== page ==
Josie Long is rather enjoying politics for a change. British comedy’s most affable Tory-takedown merchant has seen a socialist Labour leader pull off an incredible General Election surge, and now delights in the fact that “46% of people think socialism would be best for the country”. After years on the distinctly losing side, she’s finally brimming with optimism for the future.
But the Lefty Scum tour, which will see Long hit the road with anthemic satire duo Jonny and the Baptists and long-time touring buddy (and GC favourite) Grace Petire, was not always expected to be so celebratory in tone. “When we booked it”, Long reminisces, “Labour were polling at 25%, the election hadn’t been called, and we thought these gigs might cheer a few people up and remind them they weren’t alone”.
“Anyway, Jeremy Corbyn is now the Prime Minister.”
J&tB frontman Jonny Donahoe concurs. “May was anticipating a landslide. Unlike a lot of my friends, I didn’t think Corbyn was going to be annihilated, but we weren’t expecting such a good result.”
So with their impetus turned on its head, what has the mixed-bill tour promising “comedy, music and revolutionary socialism” become? “What unites us in the room is ideas”, says J&tB guitarist Paddy Gervers, who sees the shows as a unifying force for those of a left-wing persuasion. “I’m confident that’s more important than whether you prefer folk or stand-up. People who are unified by a common cause still require a mix of approaches, attitudes and values from within that. It keeps you thinking and on your toes. By having a real smorgasbord of a show – a platter, if you will – you’re bound to agree and disagree with different parts of it. This is definitely a good thing. We might all learn something!”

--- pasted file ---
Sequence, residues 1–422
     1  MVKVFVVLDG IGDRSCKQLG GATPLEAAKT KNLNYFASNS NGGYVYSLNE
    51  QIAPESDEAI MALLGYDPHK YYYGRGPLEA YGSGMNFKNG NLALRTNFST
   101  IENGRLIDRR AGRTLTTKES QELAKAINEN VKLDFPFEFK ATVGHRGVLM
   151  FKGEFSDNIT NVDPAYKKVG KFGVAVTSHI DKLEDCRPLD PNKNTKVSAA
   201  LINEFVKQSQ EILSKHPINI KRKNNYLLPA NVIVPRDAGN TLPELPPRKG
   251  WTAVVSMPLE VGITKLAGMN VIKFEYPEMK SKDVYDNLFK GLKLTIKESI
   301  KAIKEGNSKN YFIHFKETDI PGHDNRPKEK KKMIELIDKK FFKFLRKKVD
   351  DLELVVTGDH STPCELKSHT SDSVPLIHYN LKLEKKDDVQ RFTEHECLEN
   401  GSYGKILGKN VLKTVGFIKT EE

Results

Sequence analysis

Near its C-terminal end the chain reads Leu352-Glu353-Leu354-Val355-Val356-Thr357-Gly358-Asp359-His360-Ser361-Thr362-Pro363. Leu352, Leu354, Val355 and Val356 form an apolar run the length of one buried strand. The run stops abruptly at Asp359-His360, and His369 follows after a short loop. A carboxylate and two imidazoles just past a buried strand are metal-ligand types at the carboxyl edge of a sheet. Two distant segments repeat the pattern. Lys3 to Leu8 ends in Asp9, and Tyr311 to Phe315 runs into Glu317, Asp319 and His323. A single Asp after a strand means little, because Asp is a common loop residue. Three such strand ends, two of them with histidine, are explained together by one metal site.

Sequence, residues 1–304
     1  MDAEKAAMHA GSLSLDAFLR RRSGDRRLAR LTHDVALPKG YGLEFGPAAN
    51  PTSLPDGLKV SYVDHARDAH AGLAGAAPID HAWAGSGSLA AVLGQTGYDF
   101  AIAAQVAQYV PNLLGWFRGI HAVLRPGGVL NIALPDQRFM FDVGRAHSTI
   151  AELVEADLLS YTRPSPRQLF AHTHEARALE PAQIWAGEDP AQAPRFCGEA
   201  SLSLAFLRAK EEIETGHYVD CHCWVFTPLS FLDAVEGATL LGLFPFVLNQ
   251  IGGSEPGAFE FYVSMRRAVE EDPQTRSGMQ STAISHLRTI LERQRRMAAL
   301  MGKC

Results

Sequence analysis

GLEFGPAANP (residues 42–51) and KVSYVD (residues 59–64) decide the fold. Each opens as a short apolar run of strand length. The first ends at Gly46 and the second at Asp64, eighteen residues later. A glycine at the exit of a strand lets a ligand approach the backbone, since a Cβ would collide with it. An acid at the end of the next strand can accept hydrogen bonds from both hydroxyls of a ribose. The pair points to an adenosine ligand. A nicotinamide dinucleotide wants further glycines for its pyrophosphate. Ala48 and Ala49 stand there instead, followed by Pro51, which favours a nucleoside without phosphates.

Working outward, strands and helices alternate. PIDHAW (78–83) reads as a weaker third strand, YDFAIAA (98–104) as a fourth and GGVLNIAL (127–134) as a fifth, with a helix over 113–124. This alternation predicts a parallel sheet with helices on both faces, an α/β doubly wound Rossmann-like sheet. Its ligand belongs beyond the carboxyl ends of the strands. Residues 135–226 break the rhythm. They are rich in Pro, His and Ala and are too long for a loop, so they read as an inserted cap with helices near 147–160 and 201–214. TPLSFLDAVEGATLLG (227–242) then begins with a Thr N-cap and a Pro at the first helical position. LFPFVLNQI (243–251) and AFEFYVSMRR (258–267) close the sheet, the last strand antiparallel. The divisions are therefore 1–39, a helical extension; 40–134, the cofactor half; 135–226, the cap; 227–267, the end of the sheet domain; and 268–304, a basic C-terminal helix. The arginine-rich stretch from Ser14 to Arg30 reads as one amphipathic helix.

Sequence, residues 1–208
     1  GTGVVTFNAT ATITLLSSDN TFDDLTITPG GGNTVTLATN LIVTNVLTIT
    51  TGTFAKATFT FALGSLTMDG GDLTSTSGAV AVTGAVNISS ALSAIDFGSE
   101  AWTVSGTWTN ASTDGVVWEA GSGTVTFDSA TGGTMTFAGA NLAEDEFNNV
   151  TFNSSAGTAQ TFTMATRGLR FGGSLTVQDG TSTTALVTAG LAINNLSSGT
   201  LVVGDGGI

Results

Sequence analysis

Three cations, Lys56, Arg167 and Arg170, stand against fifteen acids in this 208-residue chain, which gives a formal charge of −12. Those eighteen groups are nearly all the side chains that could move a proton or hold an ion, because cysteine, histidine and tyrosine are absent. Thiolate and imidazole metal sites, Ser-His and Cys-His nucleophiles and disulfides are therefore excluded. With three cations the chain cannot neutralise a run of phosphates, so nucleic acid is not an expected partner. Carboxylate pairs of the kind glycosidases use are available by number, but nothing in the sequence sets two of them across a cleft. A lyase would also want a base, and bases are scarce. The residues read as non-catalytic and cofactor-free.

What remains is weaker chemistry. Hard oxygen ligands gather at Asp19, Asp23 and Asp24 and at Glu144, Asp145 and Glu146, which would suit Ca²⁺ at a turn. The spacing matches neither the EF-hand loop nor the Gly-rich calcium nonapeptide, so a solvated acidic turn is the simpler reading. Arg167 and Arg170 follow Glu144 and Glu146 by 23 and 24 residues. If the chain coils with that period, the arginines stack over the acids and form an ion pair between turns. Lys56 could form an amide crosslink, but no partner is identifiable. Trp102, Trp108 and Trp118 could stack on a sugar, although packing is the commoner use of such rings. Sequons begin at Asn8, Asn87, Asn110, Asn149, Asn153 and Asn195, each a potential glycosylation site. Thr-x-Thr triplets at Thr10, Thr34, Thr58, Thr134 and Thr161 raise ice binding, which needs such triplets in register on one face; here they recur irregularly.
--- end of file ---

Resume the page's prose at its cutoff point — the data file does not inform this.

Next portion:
Gervers’ culinary theme sustains his thoughts on the entertainment factor of the tour, too.
“Think of it like this: if you really like cheese and pickle sandwiches, you can in good conscience order one and definitely enjoy it. However, wouldn’t it be better if, for the same price, this hypothetical sandwich parlour offered two additional sandwiches that both complimented the cheese and pickle, yet were their own entity and flavour? Yes. That would be better.”
Of course, the show’s partisan nature is unlikely to find favourable coverage in the mainstream press, but the group have pre-empted that skilfully, both in the name and a selection of negative reviews plastered on the poster. “We have the most right-wing press in Europe according to YouGov”, Donahoe explains, “so we thought it’d be funnier to just list our quotes from the Telegraph. It’s weird that the they’re all negative, isn’t it? Almost like they have an agenda!”
So with the Tories imploding over Brexit and solidarity found across the land, what message for the future does this united front of artists envision for Lefty Scum? “Seeing so many young people galvanised by the hope of a better future and fairer government inspired us to keep going,” Donahoe explains. “The only way is to keep campaigning all the time, not just during elections, so hopefully this show fits into that mold.”
Long is similarly keen to follow Corbyn’s “permanent campaign” ethic. “It’s kind of a thrill to know that for once, the message of the tour isn’t just “keep the faith, keep going”. It’s about celebrating, feeling energised and planning what we’re going to do next.”
What comes next, of course, depends on what happens in the present – so who does the Lefty Scum gang think will actually be Prime Minister by the time they hit Leicester? “I’m going to go out on a limb and say Theresa May,” Donahoe ventures. “I know that sounds ridiculous, but I think it just might happen.”